Scientists believe the monks, who were buried in the cloister walk of the Cistercian Abbey at Øm, were either contaminated while preparing and administering medicines, or while writing the artistic letters of incunabula, or pre-1500 A.D. books. Kaare Lund Rasmussen, a University of Southern Denmark scientist at the Institute of Physics and Chemistry, suspects that ink used in the abbey's scriptorium was the culprit. "it is very human to lick the brush, if one wants to make a fine line. Even today "one should really not touch, or much less rub, the parchment pages of an incunabulum," he said adding that mercury "was used in the first place because cinnabar (a type of mercury) has this bright red, beautiful colour.” It is also known that metallic liquid mercury was given in vapor form to diseased patients. So if the monks "were just a little careless, they would be exposed this way, however, they might also be exposed during the preparation of the medicine."
Co-author Jesper Lier Boldsen discovered the previously undocumented disease FOS while examining the skeletons."We do not know if FOS was fatal, but it certainly looks painful and just as severe as leprosy," Lund Rasmussen said.
While working on the study, the researchers also noted that, due to different carbon signatures, some of the medieval individuals ate a mostly marine, fish-filled diet. Lund Rasmussen suggests that the others may have "preferred beer and meat, rather than fish and water." The Cistercians were, in principal, not allowed to eat meat from any four-footed animals, but the Franciscans do not appear to have always observed this practice. Although seafood may now contain high levels of mercury from environmental pollution, exposure from food would have been unlikely during the mediaeval period.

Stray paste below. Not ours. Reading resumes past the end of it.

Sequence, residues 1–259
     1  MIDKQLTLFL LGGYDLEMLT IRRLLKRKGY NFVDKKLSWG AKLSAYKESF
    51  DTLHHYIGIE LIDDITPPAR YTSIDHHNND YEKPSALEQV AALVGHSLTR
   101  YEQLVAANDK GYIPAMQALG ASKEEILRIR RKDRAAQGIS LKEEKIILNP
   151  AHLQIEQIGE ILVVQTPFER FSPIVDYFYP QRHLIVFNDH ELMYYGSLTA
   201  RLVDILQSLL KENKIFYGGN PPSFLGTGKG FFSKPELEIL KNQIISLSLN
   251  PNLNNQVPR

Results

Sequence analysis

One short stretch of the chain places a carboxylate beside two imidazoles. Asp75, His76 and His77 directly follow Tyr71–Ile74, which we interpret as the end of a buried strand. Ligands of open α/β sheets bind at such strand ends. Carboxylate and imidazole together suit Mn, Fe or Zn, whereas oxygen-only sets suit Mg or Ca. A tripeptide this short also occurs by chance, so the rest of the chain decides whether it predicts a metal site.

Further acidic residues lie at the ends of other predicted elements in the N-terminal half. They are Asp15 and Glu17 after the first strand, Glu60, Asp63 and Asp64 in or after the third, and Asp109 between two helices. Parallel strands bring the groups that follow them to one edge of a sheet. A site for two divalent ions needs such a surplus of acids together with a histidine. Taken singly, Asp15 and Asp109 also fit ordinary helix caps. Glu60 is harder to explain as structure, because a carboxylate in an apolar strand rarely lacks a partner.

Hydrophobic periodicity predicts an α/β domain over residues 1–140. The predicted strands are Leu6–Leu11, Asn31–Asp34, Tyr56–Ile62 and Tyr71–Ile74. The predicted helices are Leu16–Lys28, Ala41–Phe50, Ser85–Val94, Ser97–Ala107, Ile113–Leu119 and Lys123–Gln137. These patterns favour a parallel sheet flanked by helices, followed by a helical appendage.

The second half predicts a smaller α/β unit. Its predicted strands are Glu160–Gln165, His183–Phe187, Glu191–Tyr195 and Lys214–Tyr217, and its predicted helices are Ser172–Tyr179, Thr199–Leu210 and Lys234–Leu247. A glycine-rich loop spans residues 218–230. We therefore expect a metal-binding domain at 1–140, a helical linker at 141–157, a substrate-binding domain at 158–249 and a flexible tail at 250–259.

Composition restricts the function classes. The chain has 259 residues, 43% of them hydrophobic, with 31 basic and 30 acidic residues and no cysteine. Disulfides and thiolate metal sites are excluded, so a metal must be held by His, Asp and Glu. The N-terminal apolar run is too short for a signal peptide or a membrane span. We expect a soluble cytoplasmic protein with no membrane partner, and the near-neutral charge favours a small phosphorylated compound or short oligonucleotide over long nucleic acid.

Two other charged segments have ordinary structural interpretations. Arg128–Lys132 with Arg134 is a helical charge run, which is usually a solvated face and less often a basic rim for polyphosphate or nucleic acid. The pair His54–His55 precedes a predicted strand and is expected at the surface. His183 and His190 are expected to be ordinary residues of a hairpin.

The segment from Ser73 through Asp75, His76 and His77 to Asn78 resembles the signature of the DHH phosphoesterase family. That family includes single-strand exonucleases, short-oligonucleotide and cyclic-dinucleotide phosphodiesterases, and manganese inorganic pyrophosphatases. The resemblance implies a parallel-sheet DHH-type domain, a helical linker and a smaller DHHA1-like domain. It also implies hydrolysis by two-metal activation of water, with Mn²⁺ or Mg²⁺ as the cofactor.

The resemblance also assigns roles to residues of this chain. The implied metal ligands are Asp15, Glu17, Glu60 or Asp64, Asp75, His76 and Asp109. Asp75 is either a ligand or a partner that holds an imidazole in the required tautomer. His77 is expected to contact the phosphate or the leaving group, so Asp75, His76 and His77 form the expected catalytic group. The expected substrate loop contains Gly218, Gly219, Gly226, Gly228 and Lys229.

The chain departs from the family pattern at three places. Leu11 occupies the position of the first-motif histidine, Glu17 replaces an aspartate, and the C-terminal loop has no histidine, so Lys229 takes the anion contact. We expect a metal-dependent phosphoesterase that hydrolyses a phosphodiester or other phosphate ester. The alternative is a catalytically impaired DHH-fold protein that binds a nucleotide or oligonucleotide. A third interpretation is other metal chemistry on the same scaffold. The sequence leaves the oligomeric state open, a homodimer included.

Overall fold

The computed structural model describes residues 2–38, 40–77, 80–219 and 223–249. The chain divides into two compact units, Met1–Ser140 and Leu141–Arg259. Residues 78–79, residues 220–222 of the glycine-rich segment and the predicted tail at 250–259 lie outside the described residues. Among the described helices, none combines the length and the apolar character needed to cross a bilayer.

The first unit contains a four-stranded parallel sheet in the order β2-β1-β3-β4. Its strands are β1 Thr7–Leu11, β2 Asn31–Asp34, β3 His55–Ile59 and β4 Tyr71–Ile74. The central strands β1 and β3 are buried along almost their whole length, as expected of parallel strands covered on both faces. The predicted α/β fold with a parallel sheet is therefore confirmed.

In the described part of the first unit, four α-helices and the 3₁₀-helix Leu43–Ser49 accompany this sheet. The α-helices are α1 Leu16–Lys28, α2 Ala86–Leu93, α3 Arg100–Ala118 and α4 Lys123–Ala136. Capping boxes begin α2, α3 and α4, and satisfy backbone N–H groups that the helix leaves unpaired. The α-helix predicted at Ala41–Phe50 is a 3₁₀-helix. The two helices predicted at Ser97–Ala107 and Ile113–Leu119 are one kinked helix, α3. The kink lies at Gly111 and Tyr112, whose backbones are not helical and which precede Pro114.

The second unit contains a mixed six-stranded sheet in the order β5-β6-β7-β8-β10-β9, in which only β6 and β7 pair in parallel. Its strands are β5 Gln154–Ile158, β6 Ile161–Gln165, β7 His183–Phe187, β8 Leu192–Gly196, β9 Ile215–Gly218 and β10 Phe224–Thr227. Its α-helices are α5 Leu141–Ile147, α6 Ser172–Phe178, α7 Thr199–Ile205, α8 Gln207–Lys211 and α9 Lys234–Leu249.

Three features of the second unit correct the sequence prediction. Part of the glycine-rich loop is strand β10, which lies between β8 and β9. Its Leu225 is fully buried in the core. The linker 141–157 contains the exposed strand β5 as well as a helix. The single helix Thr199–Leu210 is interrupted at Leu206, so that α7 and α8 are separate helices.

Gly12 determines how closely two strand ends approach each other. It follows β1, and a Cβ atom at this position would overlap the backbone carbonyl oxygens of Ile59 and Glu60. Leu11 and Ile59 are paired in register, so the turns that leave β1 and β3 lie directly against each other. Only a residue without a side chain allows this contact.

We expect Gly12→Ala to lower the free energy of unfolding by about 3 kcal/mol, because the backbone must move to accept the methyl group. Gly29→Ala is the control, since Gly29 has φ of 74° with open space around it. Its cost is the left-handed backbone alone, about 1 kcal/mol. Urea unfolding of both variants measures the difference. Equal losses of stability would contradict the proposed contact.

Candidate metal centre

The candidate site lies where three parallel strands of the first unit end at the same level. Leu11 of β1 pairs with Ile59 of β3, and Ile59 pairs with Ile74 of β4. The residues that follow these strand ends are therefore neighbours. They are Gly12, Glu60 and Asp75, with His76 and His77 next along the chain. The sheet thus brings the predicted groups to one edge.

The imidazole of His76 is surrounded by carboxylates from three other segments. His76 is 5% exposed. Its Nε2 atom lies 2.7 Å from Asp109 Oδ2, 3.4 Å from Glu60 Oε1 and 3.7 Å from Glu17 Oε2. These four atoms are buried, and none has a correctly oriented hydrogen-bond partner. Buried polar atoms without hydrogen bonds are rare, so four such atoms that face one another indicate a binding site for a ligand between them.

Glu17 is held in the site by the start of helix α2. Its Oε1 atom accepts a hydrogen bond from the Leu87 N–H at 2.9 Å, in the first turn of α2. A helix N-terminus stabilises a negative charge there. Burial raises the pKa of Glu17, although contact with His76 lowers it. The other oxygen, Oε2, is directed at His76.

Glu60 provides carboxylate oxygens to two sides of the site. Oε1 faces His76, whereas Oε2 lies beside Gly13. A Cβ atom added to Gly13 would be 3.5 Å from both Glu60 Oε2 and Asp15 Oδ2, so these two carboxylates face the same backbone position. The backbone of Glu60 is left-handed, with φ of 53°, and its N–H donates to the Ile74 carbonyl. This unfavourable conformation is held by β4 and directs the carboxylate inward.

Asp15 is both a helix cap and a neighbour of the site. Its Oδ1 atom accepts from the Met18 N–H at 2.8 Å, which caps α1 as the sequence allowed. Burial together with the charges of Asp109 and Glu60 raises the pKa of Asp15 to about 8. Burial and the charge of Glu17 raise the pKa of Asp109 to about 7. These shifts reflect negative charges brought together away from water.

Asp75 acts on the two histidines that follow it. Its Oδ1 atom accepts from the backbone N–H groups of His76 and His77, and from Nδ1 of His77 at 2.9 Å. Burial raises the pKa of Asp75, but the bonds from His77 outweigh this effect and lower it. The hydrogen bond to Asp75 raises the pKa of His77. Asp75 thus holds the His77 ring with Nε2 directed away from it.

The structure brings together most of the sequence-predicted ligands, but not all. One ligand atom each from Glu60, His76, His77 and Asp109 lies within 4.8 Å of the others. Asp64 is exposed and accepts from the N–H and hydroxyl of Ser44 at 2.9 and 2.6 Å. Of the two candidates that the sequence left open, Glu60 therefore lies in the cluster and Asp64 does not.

Lund Rasmussen and his team radiocarbon dated some of the studied bones, but they hope to do this for even more individuals from the test sample group, as this could reveal additional information about the possible link between mercury exposure and red ink use. By 1536, books were no longer written by hand, but were instead printed, so the scientists suspect the toxic red ink literally faded from the monastic picture.
The idea that the monks may have poisoned themselves while licking their brushes is quite plausible. One only has to look at the Radium Girls – women who painted dials of luminous watches. They would make a mixture of glue, water and radium powder into a glowing greenish-white paint, then apply it to the dials with a camel hair brush.. After a few strokes, the brushes would lose their shape, and the women couldn't paint accurately. They were isnstructed to point the brushes with their lips. Needless to say they suffered from radium poisoning leading in many cases to cancers of the upper and lower jaws.